Posted by Bleaklinson 00:24 Archived in Indonesia Tagged bali kuta ubud seminyak Comments (0)

NSW North Coast > Gold Coast

We've been downunder for a year now, and for our "Aussiversary", we decided to cross off a few towns on our ever-expanding "must see list". We scored a cheap flight to Brisbane a while back, and, after reviewing our budget, decided to travel to the Gold Coast for the weekend. The Gold Coast is the cheaper, and flashier, older sister to the Sunshine Coast, with heaps of shopping, bars, and set of amusement parks - there is plenty of options, aside from the ocean, for travellers of all ages... we spent most of our time on the beach.

We stayed in the Beachcomber Resort in Surfers Paradise; one of many high-rise apartments that line the coast. We had an amazing view, but the suite is need of some renovations... nevertheless, the balcony quickly became a favourite hangout while we were in the room, tirelessly watching and listening to the waves. Even though we didn't spend much time in the Gold Coast, we enjoyed being in the central hub- an easy walk to plenty of restaurants and shops; even my first (okay, and second) Starbucks in about a year!

It's an amazingly long beach- endless in either direction. Beach walkers/ runners, swimmers, surfers, photographers, and those who just love an ocean view will not be disappointed. But, if it's serenity you are looking for, it's worth taking a drive...

We drove south along the coast, and stopped at a few beaches and lookouts along the way. We found a quiet stretch of beach near Danger Point, in Tweed Heads; but there are plenty of similarly beautiful spots. We continued along the coast to Lennox Head to watch the rugged right handed break at the famous surf point, Lennox Point, from Pat Morton lookout on the hill south of town. Then we stopped for some amazing pizza (at the only pizza place in town- Lennox Head Pizza and Pasta), and good-hearted NSW hospitality, as we snugged our table up and shared conversation with a neighbouring table to get out from the rain.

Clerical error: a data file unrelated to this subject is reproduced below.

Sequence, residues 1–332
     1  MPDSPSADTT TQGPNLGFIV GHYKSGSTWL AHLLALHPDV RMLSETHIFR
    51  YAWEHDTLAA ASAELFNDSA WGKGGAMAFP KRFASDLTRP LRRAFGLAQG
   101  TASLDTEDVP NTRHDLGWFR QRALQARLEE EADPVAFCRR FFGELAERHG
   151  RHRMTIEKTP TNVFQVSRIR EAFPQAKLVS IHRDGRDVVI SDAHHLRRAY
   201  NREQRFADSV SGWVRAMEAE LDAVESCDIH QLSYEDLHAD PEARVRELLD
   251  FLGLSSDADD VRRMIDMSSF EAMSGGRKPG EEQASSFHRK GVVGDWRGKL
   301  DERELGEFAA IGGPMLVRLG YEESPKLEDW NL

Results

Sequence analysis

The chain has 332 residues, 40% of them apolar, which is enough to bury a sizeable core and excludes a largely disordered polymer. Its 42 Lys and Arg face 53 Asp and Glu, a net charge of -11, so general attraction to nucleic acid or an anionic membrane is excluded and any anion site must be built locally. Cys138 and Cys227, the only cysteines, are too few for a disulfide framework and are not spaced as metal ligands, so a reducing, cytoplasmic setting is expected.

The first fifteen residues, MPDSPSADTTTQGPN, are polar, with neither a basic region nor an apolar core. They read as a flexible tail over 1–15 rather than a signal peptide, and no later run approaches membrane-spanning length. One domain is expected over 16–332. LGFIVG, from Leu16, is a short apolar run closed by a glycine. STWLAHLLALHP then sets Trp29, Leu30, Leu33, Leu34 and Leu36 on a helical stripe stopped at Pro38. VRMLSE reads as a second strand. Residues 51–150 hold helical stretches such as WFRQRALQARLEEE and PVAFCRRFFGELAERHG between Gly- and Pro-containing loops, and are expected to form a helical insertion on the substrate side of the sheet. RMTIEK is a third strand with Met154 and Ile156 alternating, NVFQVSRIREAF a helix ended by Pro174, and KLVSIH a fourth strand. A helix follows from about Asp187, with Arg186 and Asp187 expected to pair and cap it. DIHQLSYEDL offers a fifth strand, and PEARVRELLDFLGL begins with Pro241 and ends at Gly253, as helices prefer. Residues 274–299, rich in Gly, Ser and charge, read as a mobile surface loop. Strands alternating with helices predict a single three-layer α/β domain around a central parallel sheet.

A friend from Canada, who lives in Brisbane, travelled down with his surfboard for another day trip, this time down to Byron Bay. We had an amazingly lazy afternoon at Main Beach- I have never seen so many surfers! Because of the wave direction, most surfers walk along the beach back toward The Pass, so its a steady parade of everything from preschool aged grommets to beginners taking lessons, to those who've surfed for longer than I've been alive. Even if you don't surf, take a walk out to the lookout at The Pass - the ocean is a gorgeous tourquoise colour, with huge rocks for it to splash in to. You can also see down toward Cape Byron, the most easterly point in Australia. Rumours are that there's plenty of hippies, backpackers, lots of good shopping, restaurants and pubs, but we were too busy at the beach to notice.

We have already had discussions about "the next time". We're happy to have seen the Gold Coast, and will likely return for a weekend away, but because we're more into nature than nightlife, we will probably rent a camper van and spend a bit more time in northern NSW.